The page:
To Splurge or to Save.

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A Disaster in Planning: The hours of misguided hiking with all our baggage (in more ways than one!). Stratford-upon-Avon, England. Summer 2013.

This week, I was talking to a friend who is planning a trip for himself and his family, and he was talking about how hard it is to stick to a budget and he has no idea where to cut corners that will not cause an uproar from the rest of his brood.

In planning any trip, this is one of the hardest questions you will be faced with and, unfortunately, there is really no cut and dry answer – no specific place you can always cut down on.

The question you really have to ask yourself is: what do you want out of your trip?

If you love food, why would you skip out on trying out local foods even if they pushed your budget a bit. If you can’t sleep unless only you are in a single room with all your luxuries, that’s where your money has to go (you cannot not sleep when traveling). And on and on and on.

This in no way means that you shouldn’t have a limit, but it does mean that you need to work on what you will regret giving up.

My friend is currently trying to convince his family that renting an apartment in London is the best plan since most of their budget has been spent on expensive lodging elsewhere. London hotels are so expensive and every flat I’ve rented has been cheaper yet very well maintained – really think about how you can get around those higher prices whenever you can and your budget will thank you.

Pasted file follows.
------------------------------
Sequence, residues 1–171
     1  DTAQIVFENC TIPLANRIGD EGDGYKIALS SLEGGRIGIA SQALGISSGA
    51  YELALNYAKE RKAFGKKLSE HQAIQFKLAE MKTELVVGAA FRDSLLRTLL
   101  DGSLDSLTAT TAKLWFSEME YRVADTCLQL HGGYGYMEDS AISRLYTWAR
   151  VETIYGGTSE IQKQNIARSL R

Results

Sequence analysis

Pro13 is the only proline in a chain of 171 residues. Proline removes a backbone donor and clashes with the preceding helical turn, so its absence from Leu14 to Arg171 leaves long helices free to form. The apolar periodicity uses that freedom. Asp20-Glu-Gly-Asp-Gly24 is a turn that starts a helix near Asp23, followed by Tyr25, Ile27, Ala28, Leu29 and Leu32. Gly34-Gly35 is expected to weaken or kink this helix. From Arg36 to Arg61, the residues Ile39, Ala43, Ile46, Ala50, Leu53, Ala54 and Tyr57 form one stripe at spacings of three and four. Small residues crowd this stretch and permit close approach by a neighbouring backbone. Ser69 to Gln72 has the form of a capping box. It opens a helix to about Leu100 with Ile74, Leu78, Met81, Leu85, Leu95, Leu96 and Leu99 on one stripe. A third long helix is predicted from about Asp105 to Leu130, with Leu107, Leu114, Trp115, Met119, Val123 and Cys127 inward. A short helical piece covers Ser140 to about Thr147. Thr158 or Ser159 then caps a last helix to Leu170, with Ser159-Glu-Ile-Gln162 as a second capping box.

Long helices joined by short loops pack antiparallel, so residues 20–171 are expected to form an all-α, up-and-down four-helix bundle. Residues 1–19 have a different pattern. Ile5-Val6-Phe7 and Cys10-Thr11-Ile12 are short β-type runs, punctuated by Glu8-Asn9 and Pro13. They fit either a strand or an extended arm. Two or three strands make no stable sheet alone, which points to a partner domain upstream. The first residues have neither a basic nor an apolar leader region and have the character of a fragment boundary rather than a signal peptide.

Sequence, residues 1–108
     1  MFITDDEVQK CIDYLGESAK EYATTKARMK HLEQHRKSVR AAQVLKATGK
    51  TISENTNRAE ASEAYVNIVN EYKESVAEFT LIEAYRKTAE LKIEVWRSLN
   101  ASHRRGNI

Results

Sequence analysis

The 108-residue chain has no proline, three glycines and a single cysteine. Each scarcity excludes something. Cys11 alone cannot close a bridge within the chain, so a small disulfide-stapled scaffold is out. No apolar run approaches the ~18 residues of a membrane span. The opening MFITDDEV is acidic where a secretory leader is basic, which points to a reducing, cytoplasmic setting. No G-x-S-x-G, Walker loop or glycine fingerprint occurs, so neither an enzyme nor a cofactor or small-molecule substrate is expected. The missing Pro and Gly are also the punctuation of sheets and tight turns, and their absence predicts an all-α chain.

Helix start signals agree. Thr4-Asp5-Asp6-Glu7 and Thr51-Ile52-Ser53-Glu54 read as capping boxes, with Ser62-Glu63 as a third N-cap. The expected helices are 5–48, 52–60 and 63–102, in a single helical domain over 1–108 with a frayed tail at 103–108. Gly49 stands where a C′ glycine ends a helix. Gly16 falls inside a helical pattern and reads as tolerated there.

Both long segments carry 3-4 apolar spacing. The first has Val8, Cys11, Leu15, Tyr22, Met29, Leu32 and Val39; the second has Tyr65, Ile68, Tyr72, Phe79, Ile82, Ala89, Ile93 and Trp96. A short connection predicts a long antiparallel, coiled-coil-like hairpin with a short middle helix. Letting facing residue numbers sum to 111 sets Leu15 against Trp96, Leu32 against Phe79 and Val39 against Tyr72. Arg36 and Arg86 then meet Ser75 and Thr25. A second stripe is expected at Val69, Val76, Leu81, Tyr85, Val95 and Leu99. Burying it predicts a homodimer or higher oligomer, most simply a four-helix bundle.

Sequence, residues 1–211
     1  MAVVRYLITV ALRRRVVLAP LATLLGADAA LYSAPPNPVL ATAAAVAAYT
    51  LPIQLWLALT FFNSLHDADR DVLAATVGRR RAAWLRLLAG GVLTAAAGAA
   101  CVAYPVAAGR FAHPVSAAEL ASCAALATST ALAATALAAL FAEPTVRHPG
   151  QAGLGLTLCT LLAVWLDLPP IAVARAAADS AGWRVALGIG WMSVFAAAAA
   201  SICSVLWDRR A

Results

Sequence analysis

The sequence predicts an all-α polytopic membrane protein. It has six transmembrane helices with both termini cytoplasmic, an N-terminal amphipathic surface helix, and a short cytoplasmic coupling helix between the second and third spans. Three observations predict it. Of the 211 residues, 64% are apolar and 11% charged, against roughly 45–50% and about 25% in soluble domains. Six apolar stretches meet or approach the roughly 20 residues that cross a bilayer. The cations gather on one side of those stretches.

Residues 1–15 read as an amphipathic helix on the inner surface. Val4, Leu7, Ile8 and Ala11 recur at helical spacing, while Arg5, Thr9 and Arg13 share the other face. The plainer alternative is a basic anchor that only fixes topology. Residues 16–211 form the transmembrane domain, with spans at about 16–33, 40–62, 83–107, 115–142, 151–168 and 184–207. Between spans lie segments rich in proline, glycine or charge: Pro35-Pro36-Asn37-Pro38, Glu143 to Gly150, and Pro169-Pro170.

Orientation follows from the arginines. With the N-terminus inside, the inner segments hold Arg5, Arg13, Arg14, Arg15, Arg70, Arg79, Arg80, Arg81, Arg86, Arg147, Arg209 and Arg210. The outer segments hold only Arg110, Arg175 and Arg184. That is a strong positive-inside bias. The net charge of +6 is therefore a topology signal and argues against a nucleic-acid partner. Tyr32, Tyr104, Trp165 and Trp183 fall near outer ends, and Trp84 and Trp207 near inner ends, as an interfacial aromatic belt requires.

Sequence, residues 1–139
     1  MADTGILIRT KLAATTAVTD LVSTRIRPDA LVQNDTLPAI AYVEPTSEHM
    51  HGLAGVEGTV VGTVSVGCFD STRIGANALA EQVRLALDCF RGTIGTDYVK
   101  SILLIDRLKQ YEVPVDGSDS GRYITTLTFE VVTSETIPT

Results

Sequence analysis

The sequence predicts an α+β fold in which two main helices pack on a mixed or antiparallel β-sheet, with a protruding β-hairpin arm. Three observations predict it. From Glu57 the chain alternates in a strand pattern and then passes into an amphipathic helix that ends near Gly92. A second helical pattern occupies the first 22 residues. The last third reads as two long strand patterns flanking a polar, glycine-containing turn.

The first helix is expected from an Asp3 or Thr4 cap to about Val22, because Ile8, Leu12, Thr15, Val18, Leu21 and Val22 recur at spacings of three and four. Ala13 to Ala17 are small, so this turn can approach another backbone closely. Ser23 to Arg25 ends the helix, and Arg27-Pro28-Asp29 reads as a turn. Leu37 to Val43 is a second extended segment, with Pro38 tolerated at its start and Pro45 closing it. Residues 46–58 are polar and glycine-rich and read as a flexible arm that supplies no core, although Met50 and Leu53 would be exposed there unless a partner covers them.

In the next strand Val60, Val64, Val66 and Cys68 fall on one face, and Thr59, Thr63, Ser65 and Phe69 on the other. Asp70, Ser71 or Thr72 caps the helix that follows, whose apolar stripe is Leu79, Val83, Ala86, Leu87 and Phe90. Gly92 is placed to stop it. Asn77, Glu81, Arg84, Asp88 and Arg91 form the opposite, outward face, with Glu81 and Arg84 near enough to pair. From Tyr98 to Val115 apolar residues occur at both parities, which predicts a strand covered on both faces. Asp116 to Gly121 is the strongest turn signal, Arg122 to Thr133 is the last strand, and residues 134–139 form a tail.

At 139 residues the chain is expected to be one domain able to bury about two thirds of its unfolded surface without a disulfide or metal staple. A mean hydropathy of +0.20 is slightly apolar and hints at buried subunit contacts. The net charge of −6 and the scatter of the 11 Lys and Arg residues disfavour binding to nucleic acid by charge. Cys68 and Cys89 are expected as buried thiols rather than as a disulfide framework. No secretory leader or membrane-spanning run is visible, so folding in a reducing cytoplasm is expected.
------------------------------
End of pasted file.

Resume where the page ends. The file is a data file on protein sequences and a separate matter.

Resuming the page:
On the other hand, my sister and I tried to skimp on lodging when we went on out UK trip which led to the disaster that was Stratford-upon-Avon. The hostel we booked was miles outside of city center which meant that by the time we walked there, all the sights were closed down for the day. I’m all for exercise, but I would have much rather have spent more money for closer accommodations that would have let me spend more time wandering rather than marching.

It’s really about what you are going to regret in either money you miss out on or in the experience you don’t get because you are worried about money.

In London, we went to an attraction called The London Experience which (thank god(!) was free) ended up being a bad cheesy historic horror show followed by a bad horror maze filled with all the worst features of horror mazes, including the dreaded, static-filled squeeze machine. Again, we got in for free because of the London pass, but otherwise we would have had to spend money because the description was bad and we assumed it was a real history tour.

Then in Edinburgh, we opted out of going through the castle because it was too expensive and we had plenty of other things to do. Now, however, I regret not just doing it. I’ve heard great things about it since coming home and would love to compare it to all the other castles I’ve explored.

Yes, these are all relatively small things in terms of the great scope of all the things you will do when traveling but you can never guarantee the chance to do these things again and you will have to go back out and pay your bills so the balancing act is an important one. Your best bet in all things is to find a happy medium and really work on the fine points of budget to travel.

It’s all pretty self-explanatory but if you want to plan it out research, research, research. Start with making a list of the things you don’t want to or can’t skimp on; food, lodging, castles, full tours, ect. or pick a theme you can’t miss out on and build from there. Keeping yourself specific and then building your working budget will truly be your best friend. Finally, leave wiggle room and don’t sweat days (as long as it’s not most days) that you go a bit over budget.

So go, plan, budget, research, wiggle and, as always, have fun!

This is Leave on the Wind, helping you soar.

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To Splurge or to Save.

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